Internet Explorer users take note: Microsoft issued an emergency security update yesterday to address a serious, widely-publicized vulnerability. Dustin C. Childs of Microsoft's Security Response Center announced the fix in a blog post yesterday.
Microsoft Security Bulletin MS14-021 describes the vulnerability this way:
This security update resolves a publicly disclosed vulnerability in Internet Explorer. The vulnerability could allow remote code execution if a user views a specially crafted webpage using an affected version of Internet Explorer. An attacker who successfully exploited this vulnerability could gain the same user rights as the current user. Users whose accounts are configured to have fewer user rights on the system could be less impacted than users who operate with administrative user rights.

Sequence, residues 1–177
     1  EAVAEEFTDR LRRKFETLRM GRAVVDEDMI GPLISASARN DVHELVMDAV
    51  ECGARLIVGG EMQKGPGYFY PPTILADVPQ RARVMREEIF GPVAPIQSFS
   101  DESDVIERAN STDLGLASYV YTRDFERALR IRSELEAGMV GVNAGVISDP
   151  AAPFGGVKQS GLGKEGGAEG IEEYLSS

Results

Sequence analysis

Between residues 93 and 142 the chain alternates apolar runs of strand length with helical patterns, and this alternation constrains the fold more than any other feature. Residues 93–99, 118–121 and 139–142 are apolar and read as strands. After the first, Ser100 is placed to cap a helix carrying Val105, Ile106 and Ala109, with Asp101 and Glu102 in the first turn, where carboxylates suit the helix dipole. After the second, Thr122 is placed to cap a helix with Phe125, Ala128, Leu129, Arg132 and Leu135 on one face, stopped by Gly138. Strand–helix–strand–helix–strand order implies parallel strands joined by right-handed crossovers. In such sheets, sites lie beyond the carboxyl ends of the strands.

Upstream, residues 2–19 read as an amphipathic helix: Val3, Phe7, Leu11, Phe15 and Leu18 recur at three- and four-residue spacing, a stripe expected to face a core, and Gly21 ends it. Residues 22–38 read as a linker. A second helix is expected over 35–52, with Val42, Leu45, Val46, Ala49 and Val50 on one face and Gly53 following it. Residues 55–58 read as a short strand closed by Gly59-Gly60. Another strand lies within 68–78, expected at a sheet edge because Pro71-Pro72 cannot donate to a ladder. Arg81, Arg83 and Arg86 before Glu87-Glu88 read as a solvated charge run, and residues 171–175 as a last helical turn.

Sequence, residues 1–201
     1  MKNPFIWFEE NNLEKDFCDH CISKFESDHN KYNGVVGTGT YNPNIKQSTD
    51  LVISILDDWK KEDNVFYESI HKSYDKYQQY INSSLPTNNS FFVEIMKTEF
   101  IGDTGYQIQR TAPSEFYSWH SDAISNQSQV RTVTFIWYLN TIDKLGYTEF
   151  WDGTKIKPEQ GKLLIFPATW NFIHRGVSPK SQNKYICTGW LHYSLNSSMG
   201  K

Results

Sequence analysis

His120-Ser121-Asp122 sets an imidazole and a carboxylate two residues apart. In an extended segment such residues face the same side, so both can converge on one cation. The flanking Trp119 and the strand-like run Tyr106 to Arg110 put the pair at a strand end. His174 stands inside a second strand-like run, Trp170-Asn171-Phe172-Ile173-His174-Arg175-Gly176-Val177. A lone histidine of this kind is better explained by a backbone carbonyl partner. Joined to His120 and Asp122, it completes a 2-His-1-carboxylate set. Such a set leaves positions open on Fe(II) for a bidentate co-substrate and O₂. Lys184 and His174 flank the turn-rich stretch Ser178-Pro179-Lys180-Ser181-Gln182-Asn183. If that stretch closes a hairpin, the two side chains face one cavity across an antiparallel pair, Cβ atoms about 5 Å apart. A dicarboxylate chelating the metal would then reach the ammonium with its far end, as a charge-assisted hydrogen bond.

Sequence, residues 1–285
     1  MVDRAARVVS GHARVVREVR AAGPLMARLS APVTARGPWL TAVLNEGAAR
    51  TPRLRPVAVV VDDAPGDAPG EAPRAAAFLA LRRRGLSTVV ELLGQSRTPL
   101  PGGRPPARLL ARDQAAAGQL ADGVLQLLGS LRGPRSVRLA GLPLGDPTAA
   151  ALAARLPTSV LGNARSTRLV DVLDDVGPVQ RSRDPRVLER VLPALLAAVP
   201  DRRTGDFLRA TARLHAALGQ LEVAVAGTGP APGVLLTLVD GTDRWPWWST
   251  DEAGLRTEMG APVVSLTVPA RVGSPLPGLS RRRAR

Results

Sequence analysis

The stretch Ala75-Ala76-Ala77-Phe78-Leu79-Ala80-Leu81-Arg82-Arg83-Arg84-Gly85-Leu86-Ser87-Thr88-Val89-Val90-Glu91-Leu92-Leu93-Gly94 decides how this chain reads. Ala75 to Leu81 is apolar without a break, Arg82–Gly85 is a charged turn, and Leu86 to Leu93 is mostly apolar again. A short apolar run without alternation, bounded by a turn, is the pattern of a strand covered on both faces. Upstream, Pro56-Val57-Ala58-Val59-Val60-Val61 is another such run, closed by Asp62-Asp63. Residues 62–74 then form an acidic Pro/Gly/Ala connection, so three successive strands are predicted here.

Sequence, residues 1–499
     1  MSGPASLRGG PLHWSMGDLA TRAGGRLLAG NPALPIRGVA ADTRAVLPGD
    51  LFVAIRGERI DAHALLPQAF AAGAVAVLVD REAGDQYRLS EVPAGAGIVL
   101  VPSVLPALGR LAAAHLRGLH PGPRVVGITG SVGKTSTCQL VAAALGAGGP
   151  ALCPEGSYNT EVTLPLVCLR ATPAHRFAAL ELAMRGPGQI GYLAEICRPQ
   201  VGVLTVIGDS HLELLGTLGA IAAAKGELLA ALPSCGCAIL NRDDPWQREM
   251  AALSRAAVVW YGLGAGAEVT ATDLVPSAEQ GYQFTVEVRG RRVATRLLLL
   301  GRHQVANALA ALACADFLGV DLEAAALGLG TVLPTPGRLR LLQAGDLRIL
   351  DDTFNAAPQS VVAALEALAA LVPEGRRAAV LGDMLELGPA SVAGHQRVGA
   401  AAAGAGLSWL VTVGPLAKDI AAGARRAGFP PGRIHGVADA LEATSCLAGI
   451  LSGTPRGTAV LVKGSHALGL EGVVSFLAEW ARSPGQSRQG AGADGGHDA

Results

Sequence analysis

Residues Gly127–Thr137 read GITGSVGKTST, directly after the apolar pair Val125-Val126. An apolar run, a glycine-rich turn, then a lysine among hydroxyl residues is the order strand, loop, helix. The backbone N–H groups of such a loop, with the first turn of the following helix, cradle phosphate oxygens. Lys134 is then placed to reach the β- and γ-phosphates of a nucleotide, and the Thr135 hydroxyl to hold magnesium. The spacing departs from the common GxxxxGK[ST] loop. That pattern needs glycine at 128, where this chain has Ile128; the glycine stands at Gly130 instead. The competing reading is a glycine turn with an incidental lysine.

This security update is rated Critical for Internet Explorer 6 (IE 6), Internet Explorer 7 (IE 7), Internet Explorer 8 (IE 8), Internet Explorer 9 (IE 9), Internet Explorer 10 (IE 10), and Internet Explorer 11 (IE 11) on affected Windows clients, and Moderate for Internet Explorer 6 (IE 6), Internet Explorer 7 (IE 7), Internet Explorer 8 (IE 8), Internet Explorer 9 (IE 9), Internet Explorer 10 (IE 10), and Internet Explorer 11 (IE 11) on affected Windows servers. For more information, see the subsection, Affected and Non-Affected Software, in this section.
The security update addresses the vulnerability by modifying the way that Internet Explorer handles objects in memory.
Though Microsoft has been pushing to transition customers to the latest versions of Windows and Internet Explorer, Childs said Windows XP users are covered in this update:
We have made the decision to issue a security update for Windows XP users. Windows XP is no longer supported by Microsoft, and we continue to encourage customers to migrate to a modern operating system, such as Windows 7 or 8.1. Additionally, customers are encouraged to upgrade to the latest version of Internet Explorer, IE 11.